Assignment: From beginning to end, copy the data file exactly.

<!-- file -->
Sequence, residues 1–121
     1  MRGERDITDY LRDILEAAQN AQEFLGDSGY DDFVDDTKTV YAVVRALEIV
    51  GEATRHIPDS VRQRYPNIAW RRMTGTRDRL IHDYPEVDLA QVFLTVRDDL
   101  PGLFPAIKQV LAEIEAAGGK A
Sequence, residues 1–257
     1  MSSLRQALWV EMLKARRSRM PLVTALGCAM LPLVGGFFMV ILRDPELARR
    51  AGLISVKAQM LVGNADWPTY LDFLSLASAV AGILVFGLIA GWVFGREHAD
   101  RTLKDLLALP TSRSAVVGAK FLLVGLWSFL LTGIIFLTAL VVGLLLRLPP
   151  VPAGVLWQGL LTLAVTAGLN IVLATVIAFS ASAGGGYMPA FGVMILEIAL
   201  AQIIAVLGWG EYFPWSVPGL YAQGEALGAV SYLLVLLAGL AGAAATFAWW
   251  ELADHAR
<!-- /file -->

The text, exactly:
Sequence, residues 1–121
     1  MRGERDITDY LRDILEAAQN AQEFLGDSGY DDFVDDTKTV YAVVRALEIV
    51  GEATRHIPDS VRQRYPNIAW RRMTGTRDRL IHDYPEVDLA QVFLTVRDDL
   101  PGLFPAIKQV LAEIEAAGGK A
Sequence, residues 1–257
     1  MSSLRQALWV EMLKARRSRM PLVTALGCAM LPLVGGFFMV ILRDPELARR
    51  AGLISVKAQM LVGNADWPTY LDFLSLASAV AGILVFGLIA GWVFGREHAD
   101  RTLKDLLALP TSRSAVVGAK FLLVGLWSFL LTGIIFLTAL VVGLLLRLPP
   151  VPAGVLWQGL LTLAVTAGLN IVLATVIAFS ASAGGGYMPA FGVMILEIAL
   201  AQIIAVLGWG EYFPWSVPGL YAQGEALGAV SYLLVLLAGL AGAAATFAWW
   251  ELADHAR